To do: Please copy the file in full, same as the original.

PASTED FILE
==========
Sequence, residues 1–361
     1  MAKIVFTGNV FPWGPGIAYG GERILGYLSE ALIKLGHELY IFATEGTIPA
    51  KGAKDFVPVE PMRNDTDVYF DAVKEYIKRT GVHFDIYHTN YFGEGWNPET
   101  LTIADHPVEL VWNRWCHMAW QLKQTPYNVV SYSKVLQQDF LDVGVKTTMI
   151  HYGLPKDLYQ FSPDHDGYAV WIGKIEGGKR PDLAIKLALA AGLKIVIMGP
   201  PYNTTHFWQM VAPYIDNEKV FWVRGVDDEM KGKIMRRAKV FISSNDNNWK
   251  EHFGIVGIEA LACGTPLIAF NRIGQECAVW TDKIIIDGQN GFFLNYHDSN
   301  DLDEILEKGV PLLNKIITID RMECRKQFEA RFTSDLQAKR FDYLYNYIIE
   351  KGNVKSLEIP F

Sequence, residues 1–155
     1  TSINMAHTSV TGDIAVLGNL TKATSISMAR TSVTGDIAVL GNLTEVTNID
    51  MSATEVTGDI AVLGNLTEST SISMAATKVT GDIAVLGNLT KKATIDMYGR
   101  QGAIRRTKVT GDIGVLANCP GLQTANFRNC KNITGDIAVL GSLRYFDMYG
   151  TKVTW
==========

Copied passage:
Sequence, residues 1–361
     1  MAKIVFTGNV FPWGPGIAYG GERILGYLSE ALIKLGHELY IFATEGTIPA
    51  KGAKDFVPVE PMRNDTDVYF DAVKEYIKRT GVHFDIYHTN YFGEGWNPET
   101  LTIADHPVEL VWNRWCHMAW QLKQTPYNVV SYSKVLQQDF LDVGVKTTMI
   151  HYGLPKDLYQ FSPDHDGYAV WIGKIEGGKR PDLAIKLALA AGLKIVIMGP
   201  PYNTTHFWQM VAPYIDNEKV FWVRGVDDEM KGKIMRRAKV FISSNDNNWK
   251  EHFGIVGIEA LACGTPLIAF NRIGQECAVW TDKIIIDGQN GFFLNYHDSN
   301  DLDEILEKGV PLLNKIITID RMECRKQFEA RFTSDLQAKR FDYLYNYIIE
   351  KGNVKSLEIP F

Sequence, residues 1–155
     1  TSINMAHTSV TGDIAVLGNL TKATSISMAR TSVTGDIAVL GNLTEVTNID
    51  MSATEVTGDI AVLGNLTEST SISMAATKVT GDIAVLGNLT KKATIDMYGR
   101  QGAIRRTKVT GDIGVLANCP GLQTANFRNC KNITGDIAVL GSLRYFDMYG
   151  TKVTW